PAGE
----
TRAVEL ESSAY ... ZHANG Su Li
Somewhere Between Kopisan and Gopeng
Travel writer ZHANG SU LI finds solidarity in the most unlikely of places during a storm in small-town Malaysia
IT WAS A PLEASANTLY COOL and breezy evening—the sort that was made for walking. I decided to leave the car by a small village road in Kopisan and walk the rest of the way to Gopeng, where they made the best lai fun (rice noodles in clear soup) in the world.
I walked across the rugged landscape made up of soft red earth and mounds of grassy patches, sometimes with lalang that came up to your waist. That patch of land was the surrounding area of an old mining pool that was now a lake. It was beginning to get dark, but I could still see the large lily pads floating on the murky water, and pink long-stemmed lotus flowers opening up towards the deep orange sky streaked with a similar pink. The air was filled with the subtle scent of white frangipani, and an occasional whiff of cow dung.
Twenty minutes later, upon reaching the main road leading towards Gopeng, I felt a few drops of water land on my face. The sky had gone dark and the air had become heavy with moisture.
I ran until I saw a row of shop lots on the other side of the road. By then the rain was beating so hard against the pavement that I had to walk up a dark, narrow flight of stairs next to a sundry shop to avoid getting soaked. As I sat on one of the steps waiting for the storm to subside, my stomach rumbled impatiently.
The storm wouldn’t let up. I was still sitting there almost half an hour later, cursing the weather. Once in a while, there’d be a girl or two, dressed in short skirts, laddered black tights and high heels, walking back and forth on the pavement. From where I sat, I could only see up to their waists, but it was enough to know what they did for a living.
“Do you want some tea?” A soft voice suddenly came from the top of the stairs.
I turned around and saw the silhouette of a thin woman. I couldn’t see her face as the staircase was dark. But the kindness in her voice and the thought of a hot cup of milky tea made me accept her invitation.
I walked up the remaining steps and entered her tiny room. She gestured for me to sit at a small foldable table by the wooden plantation window. The bottle green paint on its frame and shutters was blistery on some parts and flaky on others. One side of the wall had stains in different tones of grey and brown running all the way from the ceiling to the floor where rain had been seeping through. Against the cleaner wall was a narrow and rusty iron framed bed.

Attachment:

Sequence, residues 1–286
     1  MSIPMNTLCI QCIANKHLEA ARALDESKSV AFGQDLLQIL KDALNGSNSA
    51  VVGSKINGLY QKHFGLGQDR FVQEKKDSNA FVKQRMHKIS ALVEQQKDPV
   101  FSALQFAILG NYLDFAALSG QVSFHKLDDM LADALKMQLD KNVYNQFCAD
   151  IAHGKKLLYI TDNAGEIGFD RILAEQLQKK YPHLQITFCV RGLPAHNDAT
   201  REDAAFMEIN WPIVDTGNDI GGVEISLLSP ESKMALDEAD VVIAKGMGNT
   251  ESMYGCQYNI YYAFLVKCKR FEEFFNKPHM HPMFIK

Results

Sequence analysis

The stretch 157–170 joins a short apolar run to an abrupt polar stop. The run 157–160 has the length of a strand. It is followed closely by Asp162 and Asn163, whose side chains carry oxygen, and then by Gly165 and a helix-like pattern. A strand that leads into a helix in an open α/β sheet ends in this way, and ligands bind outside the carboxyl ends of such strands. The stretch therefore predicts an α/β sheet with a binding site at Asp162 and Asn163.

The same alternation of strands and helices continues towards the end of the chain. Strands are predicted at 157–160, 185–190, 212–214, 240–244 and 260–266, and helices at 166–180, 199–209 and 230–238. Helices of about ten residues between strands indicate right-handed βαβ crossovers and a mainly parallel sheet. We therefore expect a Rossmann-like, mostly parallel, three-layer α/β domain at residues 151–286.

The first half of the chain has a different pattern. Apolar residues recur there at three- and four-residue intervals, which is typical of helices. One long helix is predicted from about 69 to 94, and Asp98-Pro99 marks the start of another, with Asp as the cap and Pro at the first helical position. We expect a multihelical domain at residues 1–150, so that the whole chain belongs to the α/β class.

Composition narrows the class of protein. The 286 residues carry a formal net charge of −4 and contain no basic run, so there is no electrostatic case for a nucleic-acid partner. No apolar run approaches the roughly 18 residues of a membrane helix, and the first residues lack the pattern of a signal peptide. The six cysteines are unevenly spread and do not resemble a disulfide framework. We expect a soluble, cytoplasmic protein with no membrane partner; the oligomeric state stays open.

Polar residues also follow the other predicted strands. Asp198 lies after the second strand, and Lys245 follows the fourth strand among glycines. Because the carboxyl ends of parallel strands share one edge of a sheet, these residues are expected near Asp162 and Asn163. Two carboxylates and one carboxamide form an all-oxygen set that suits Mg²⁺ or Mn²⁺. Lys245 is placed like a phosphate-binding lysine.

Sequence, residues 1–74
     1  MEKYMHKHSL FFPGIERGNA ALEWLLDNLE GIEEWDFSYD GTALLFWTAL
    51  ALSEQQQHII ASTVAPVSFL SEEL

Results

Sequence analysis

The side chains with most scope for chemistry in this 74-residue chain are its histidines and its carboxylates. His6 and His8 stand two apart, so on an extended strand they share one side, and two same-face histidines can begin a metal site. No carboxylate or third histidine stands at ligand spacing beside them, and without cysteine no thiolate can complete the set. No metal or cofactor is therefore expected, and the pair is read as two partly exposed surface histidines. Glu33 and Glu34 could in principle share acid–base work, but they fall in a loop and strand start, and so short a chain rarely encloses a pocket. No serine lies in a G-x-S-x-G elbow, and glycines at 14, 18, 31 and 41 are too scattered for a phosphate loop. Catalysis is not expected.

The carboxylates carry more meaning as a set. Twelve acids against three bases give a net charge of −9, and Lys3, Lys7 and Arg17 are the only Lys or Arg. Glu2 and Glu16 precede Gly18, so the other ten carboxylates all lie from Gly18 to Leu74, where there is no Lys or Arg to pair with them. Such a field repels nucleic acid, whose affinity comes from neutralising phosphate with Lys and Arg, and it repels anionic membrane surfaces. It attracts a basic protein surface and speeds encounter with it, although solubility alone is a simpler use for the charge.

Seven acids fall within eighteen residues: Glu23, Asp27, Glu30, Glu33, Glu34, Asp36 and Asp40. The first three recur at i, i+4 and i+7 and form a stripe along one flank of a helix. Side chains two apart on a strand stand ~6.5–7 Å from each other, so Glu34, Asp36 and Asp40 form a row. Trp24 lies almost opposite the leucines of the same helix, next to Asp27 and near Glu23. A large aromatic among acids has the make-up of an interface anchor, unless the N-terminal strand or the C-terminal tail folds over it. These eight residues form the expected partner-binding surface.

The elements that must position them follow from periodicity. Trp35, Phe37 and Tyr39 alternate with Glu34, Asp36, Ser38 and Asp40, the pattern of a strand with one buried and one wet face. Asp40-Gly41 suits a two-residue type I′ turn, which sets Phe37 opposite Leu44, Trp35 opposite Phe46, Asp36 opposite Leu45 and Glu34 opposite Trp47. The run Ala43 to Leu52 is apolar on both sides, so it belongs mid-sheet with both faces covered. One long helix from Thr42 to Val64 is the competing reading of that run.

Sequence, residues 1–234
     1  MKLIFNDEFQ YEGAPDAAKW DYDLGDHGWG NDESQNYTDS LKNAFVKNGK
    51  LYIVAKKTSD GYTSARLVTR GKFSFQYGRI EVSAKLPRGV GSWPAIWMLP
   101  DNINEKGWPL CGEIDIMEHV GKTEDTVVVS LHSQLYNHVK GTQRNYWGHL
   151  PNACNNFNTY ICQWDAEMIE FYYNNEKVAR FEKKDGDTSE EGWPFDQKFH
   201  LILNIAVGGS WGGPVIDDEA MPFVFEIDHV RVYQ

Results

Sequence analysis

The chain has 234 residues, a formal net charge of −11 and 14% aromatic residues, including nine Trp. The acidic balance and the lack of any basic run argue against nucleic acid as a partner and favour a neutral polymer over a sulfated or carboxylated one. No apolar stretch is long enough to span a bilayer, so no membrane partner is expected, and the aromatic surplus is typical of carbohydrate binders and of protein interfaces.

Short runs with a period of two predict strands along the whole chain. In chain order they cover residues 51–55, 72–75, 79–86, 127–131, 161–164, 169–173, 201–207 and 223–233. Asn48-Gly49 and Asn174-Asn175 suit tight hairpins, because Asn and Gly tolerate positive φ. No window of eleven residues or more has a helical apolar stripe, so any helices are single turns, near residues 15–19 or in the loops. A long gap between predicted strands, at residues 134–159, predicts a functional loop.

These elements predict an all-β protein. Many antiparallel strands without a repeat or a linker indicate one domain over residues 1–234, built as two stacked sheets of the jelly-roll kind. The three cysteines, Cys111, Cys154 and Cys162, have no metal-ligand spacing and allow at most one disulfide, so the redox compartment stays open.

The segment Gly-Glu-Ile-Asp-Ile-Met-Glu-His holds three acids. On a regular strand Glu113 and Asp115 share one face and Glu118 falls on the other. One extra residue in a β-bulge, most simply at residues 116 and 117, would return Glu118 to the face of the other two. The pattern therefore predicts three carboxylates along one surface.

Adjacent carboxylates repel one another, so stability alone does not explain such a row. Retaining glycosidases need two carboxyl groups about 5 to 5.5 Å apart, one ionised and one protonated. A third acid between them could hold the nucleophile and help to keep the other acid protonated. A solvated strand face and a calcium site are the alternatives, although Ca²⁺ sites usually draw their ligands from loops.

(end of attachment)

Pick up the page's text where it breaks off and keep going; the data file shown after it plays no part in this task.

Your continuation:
My eyes did a quick sweep along the shelf above the bed and then stopped halfway. Next to a hairbrush, there was a round swivel mirror, a pale yellow enamel mug containing a toothbrush and a tube of Darlie toothpaste. Next to that was an old paperback wrapped in clear cellophane like the books you find in libraries and second-hand bookstores. The spine was so badly creased it took me some time to figure out the title. It was a collection of short stories by W. Somerset Maugham.
Reaching for a tin flask with red roses painted on it, the woman smiled and apologised that the tea wasn’t freshly made. She pulled out the muslin-covered cork stopper and poured some tea into two stainless steel cups.
Her name was Radha. She was in her early thirties, I guessed. She had an oval face, a straight nose and large eyes. Her expression was unreadable. And yet, one could tell from her eyes that they concealed an inner world very different from the town she lived in, and a history that went back far in time.
We sat at the table sipping sweet tepid tea. The storm had calmed down into a drizzle now. I heard a soft whimper and wondered where it came from. Radha bent down to look under the bed. Only then did I notice a toddler sleeping on a flattened Sunsilk cardboard box. The small chubby fingers with tiny round nails were clutching onto the arm of a plastic Pinocchio doll. He stirred a little and whimpered again.
Radha picked him up from under the bed and he gurgled at the sight of his mother. Her face was suddenly lit up by a smile, and for a few moments, it seemed as though she was unaware that I was there. For a few moments, it was just her and her child.
“What’s his name?” I asked.
“Prem,” she replied, turning to me.
“It’s a nice name,” I said. “What does it mean?”
“Love,” Radha said proudly. “It means ‘love’.”
I stayed for a few more minutes and we shared a plate of cucur udang. Prem sat on the floor sucking on a small piece that his mother had torn off for him. Pinocchio lay next to him, staring at me with a garishly painted smile on his face.
“I should get going,” I said as I got up. “Thanks so much for the tea.”
Outside, the rain had released the earthy scent from the ground and the air smelled faintly of cinnamon. I resumed my journey towards Gopeng market.
As I walked away from the row of shops, I couldn’t help imagining Radha lying on her back earlier that evening, in the rusty bed above her sleeping son, and sweat from the man on top of her dripping onto her face. I also imagined her sitting up in bed with Prem by her side, reading stories about casuarina trees, Tuan Jones drinking gin pahit on the verandah of a colonial house in Malaya, and missionary nurses falling in love with drunks.
For a long time I couldn’t help wondering about the room above the sundry shop, somewhere between Kopisan and Gopeng.
ZHANG SU LI is the author of A Backpack and A Bit of Luck (Marshall Cavendish), a collection of travel stories. She also conducts creative writing workshops. For more information on her workshops, go to writingworkshops.webs.com.
Reproduced from the January-March 2010 issue of Quill magazine